Parenting: If it's hot and it gurgles, kids love it

David Murphy says if you're lucky enough to make it to Hawaii, make the Big Island and its active volcano part of the plan.
August 10, 2011

While Pearl Harbor and Diamond Head draw plenty of families to Oahu, and the pristine rain forest and prime resorts of Maui make that island one of the main draws, even a couple of added days on Hawaii (The Big Island) is enough to experience one of nature's most awesome and unforgettable displays. Kilauea Volcano on the southern tip of Hawaii is often in bloom. Whether it's bright orange rivulets snaking down the mountainside, or bubbling bursts of flying lava, Volcanoes National Park is sure to please everyone in your troupe. In the weeks after witnessing a bright orange mini-eruption a few feet away, my son was actually thinking about becoming a volcanologist!

The park is a roughly two-hour drive from the airport on Hawaii (which is kind of neat, as the planes all park out on the airfield and the terminal consists of nothing more than some smallish, thatched-roof buildings). Bed-and-breakfast inns and private homes make up most of the lodgings closest to the park in the aptly-named Volcano Village. This can be a crap-shoot, especially in the tropics where bugs rule, but we got a nice house with no such trouble through a local b-and-b/inn operator. As always, I recommend for traveler reviews before you book a given property. Lodging options are easily searchable online. There are also some nice beachside hotels south of the airport for a place to crash and snorkel after you finish with the park.

Hawaii Volcanoes National Park, as you'll see when surveying the park website, consists of multiple experiences, from a visitor center and old crater overlook, to ancient lava tubes (some of which you can enter) and wonderful gardens with exotic flowers thriving in the nutrient-rich environment. But the big show (best to be saved for last) is the active lava flow near the ocean. The exact entrance point is always shifting, since lava sometimes spills over the road, forcing a move. Each day, park rangers scope out the changing landscape and mark safe hiking paths over the flow. It's advised to bring a box lunch along, since there can be a lot of walking involved and there are no refreshment stands up on the flow. But it's worth the effort, because the farther you go, the closer you get to the bright-orange stuff, which is unlike anything you'll see anywhere else in the States, and way better in person than what you may have seen on TV. You should also bring flash-lights (the bed and breakfast inn that rented us our house provided these on loan for free). This is because you want to plan on being on the mountain after dark to get the best views of red-hot lava as it lights-up the environment at night. It really is stunning.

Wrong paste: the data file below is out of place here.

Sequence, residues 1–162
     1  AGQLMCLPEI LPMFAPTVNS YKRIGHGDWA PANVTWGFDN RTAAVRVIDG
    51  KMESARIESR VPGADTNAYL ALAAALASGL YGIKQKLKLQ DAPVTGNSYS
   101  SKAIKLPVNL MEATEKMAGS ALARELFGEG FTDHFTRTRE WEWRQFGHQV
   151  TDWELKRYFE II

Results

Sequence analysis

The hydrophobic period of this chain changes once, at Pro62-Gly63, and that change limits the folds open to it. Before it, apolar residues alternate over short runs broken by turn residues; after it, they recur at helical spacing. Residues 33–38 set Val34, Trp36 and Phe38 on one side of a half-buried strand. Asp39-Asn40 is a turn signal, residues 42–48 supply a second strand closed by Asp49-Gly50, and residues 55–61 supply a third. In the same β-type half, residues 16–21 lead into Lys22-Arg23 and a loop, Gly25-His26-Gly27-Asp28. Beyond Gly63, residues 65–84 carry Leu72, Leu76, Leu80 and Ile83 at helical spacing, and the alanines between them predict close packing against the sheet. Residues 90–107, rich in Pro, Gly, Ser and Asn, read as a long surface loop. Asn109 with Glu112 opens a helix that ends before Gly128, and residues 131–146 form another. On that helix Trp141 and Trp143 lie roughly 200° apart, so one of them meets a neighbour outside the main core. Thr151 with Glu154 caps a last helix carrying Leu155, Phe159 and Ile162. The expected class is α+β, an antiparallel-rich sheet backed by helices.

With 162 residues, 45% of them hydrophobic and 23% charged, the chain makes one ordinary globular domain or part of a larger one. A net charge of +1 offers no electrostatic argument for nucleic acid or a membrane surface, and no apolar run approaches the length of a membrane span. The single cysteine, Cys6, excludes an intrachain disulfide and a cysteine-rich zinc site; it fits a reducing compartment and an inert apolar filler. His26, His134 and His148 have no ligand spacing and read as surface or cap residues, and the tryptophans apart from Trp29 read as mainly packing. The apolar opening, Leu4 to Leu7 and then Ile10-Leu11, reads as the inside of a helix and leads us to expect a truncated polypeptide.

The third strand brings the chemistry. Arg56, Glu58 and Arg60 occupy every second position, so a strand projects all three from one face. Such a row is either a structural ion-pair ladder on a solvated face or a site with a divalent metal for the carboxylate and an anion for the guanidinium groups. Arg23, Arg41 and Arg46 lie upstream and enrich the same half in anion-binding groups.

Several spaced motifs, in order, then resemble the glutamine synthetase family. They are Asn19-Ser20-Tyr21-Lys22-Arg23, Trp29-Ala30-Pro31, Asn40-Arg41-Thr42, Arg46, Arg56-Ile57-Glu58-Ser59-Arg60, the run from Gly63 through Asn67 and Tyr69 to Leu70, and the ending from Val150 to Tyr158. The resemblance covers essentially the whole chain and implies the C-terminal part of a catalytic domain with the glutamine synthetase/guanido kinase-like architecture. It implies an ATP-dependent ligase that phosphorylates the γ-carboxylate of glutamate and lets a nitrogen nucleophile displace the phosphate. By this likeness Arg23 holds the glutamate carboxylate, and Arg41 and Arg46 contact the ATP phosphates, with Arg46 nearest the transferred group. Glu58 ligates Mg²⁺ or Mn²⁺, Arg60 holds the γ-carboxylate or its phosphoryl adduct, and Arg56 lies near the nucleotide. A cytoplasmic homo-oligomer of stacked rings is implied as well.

They warn you going in not to be too adventurous, and for good reason. It can be a fatal mistake to venture off the marked path, as weakened sections of lava rock can give way and dump you into a molten oven. Also, care must be taken while walking on the lava. It's sharp and a fall can lead to a serious cut. For this reason, toddlers are probably not cut-out for this adventure. But our youngest was only about 5-years-old when we went, and because he was well-behaved, he made it through the experience unscathed, without even a close call.

The best part of the day for us came as we had stopped on some grass next to the flow to enjoy our meal. As we sat there, a red hot, bright orange glop of lava began oozing out of the previously dormant lava rock directly before us, perhaps twenty feet away. We stood next to it, mesmerized, as others gathered to join in the experience. Park Rangers also materialized shortly to make sure no one got too careless. But it was as if Mother Nature had chosen our little family for a private show at first, as we were the only ones there to see this initial breach. The experience more than made-up for the fact that there were no great, skyward bursts of lava going on during our visit, but rather gentle streams of lava dripping down the mountainside. But you never know what you're going to find at Volcanoes National Park. A few weeks after we came home, the park was in the news because a new eruption of lava right at the seaside was tossing-up incredible plumes of lava in a kind of earth-born fireworks show.

The Big Island also has great snorkeling on the west beaches, and a wonderful black sand beach loved by giant turtles on the east. But the main attraction is Volcanoes National Park and its unbridled scenery and ongoing evolution. It's worth at least a few days tacked on to the end of your Hawaiian family vacation and easily accessible via inter-island commuter planes from any other spot in the Hawaiian chain.

---David Murphy

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